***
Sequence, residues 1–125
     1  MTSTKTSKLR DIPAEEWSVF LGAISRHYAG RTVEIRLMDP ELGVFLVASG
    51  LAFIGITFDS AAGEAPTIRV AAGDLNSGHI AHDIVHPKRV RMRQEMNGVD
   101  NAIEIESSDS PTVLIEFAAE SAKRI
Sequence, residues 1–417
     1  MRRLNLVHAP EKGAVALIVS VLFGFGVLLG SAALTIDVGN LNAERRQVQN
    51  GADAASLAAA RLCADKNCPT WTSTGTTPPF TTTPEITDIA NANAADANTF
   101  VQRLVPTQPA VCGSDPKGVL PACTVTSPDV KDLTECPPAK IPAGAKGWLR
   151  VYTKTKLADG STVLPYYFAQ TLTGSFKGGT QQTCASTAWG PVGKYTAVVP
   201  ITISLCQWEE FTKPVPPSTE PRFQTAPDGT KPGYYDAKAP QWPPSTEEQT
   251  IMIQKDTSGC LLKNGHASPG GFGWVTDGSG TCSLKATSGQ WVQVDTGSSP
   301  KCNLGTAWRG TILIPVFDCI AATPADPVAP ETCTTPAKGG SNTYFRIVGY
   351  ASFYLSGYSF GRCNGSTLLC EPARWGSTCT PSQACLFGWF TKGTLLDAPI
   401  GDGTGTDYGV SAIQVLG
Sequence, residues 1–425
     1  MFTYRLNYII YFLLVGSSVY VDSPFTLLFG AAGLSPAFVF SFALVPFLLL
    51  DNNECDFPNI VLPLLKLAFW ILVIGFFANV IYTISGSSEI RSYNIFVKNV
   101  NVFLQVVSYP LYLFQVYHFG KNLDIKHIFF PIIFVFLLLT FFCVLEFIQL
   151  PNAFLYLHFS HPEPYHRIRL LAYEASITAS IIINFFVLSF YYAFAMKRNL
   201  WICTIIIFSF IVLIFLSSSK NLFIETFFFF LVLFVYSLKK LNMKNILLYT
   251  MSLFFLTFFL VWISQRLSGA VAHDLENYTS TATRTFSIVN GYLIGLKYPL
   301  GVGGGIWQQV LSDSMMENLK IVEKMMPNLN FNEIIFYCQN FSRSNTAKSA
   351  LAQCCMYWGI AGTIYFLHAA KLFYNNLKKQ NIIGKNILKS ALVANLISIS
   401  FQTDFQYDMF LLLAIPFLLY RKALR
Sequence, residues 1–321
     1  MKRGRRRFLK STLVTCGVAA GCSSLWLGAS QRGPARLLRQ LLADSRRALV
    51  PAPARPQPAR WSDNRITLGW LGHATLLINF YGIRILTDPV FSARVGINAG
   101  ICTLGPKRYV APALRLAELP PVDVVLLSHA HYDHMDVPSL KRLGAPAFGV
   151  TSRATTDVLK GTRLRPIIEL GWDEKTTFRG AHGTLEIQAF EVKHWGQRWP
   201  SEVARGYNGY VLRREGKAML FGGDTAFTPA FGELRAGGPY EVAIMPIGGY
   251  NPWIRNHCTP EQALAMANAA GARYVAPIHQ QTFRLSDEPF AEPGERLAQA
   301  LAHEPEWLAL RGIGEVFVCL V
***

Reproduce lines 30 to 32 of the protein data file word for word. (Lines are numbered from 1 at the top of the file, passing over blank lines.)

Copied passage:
   201  SEVARGYNGY VLRREGKAML FGGDTAFTPA FGELRAGGPY EVAIMPIGGY
   251  NPWIRNHCTP EQALAMANAA GARYVAPIHQ QTFRLSDEPF AEPGERLAQA
   301  LAHEPEWLAL RGIGEVFVCL V